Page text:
And so, forgetting this unfortunate incident, he continued on his way without major altercations. Being that the night of the dance arrived, hardly without realizing it.
In the novel, Oscar had managed to sneak Madeleine through the service door. A feat that on the surface, at least for the first half hour they were inside, was successful. But that, after that time, did not take long to show several drawbacks. One of them, without going any further, was a couple of waiters who had seen Madeleine go the wrong way. They commented on the event to their employer and, shortly after, several people turned up to ask Madeleine for explanations. Then, when the girl was one step away from being thrown out, that was when the male lead saved her, pretending that he knew her and that it had been all his fault for inviting her and forgetting to mention it to the duchess.
Regarding why he had done this, Oscar was not clear.
"Love at first sight", many of the fangirls said in the comments of that chapter, but he doubted it. There was nothing in the way of narrating that scene that led to such a thought, so it was much more likely that it was all due to the invincible aura of the protagonist that Madeleine carried with her.
Still, and once again, Oscar had no intention of playing the game of humiliation to achieve his goals. So, keeping his pride, he dared to tell Bannister to park the carriage in front of the building where the ball was taking place, along with those of the other guests. There, before dozens of journalists, employees of the different families who attended and before the guests themselves, the Cornell sisters got out of the carriage without going unnoticed.
"Are you sure this is a good idea?" Madeleine asked him when she was down.
One couldn't say that all those looks she was getting bothered her, on the contrary. But she still had some fear that someone would recognize and kick her out.
"If you act confident enough it doesn't have to go wrong."
"And what happens if someone finds out that the invitation is false?"
"No one will notice. Do you think the guys at the door will stop to carefully analyze each person's letter? And now that night has already fallen, how can they read with this light?”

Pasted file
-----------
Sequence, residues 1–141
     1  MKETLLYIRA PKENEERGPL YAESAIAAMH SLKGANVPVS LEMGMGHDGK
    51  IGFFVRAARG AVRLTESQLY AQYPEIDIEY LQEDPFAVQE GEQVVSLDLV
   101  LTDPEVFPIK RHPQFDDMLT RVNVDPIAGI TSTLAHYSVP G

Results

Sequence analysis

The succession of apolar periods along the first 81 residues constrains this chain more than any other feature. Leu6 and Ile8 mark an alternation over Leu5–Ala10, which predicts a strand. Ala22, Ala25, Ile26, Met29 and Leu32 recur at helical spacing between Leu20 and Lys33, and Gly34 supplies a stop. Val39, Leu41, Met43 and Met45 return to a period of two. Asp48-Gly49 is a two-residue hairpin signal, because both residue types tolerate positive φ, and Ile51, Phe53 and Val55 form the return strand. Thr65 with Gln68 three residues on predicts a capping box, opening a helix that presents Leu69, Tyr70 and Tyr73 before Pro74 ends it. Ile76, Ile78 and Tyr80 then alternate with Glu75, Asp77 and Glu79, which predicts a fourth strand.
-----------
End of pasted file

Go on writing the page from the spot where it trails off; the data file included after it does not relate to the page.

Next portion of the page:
"But inside they can notice me, and they don't know me, and if they start asking me questions…”
"There are several hundred guests," Oscar pointed out curtly, he did not understand why so many doubts came when it was Madeleine herself who insisted that she wanted to come no matter what. “I don't think the Summerfields remember each and every one of them.”
"Well, we sure wouldn't be remembered even if we had met before," Beverley said. “With these dresses from last year it would be even embarrassing if they did. And I know father isn't getting clingy for no reason, but going stylish to such an important event is a must!”
"You have to be positive," Madeleine insisted. “Don't think about clothes, focus on our natural beauty and charm. I'm sure that when we get out of here, we'll have gotten at least half a dozen suitors each.”
“Oh yes, but hopefully they appreciate our character and don´t get everything by sight. Have you noticed how ostentatious some outfits are?”
“It´s okay, if they are blind to our beautiful faces and are not impressed by our impeccable forms, there will always be a hand on our talent for music.”
A grimace of disgust had to be hidden by Oscar. In contrast, a smile crossed Beverley's face as she said excitedly:
"I hope they ask us to dance many times! At Snodland I've often been flattered by my dance moves, they must do the same here!”
"Flattering you will be little, you'll see. We must take advantage of socializing, because today there will be many single men of good position eager to find a beautiful lady to marry.”
When did this turn into a collective tinder date? Oscar wondered. What's more, since when are them good at music? Although neither of them were bad, their dance steps were as common as anyone's. If it was about playing an instrument, like the piano, they knew the basics. And as for singing... They couldn't sing. At all.
If they had to rely on a supposed talent for music, they´d better stay still and quiet, without making too much fuss, and only going out on the floor when someone required them, trying then to imitate the crowd.
"Come on", Madeleine said resolutely, stepping forward with her sister clinging to her arm.
Oscar stayed behind, watching as the girls joined the line of guests that gathered at the doors of the building. Waiting for them to arrive where the staff members were stationed at the front door, deciding who entered and who did not. The young Cornell girls might be undecided about whether to let them pass, but Oscar had no doubts about it.
He went to the trouble of investigating where the Duke and Duchess of Summerfield lived —not a difficult task at all, since they were true celebrities— and had passed their apartment at a reasonable hour the day before. When he saw someone leave the portal, he collided with him on purpose. Crouched on the ground, enduring the well-deserved scolding as he picked up what he had thrown away, the other did not realize that one of the letters he was carrying had been stolen.
It really seemed like Oscar was making stealing his new hobby.
But this had a goal: there was no way that the fake seal he made could be perceived if someone from the Summerfield house saw it. So there was no other way, he had to intercept a letter written by them and exchange envelopes. The rest depended on the reaction of the doorman when extracting an invitation that was still the same that Oscar wrote in secret.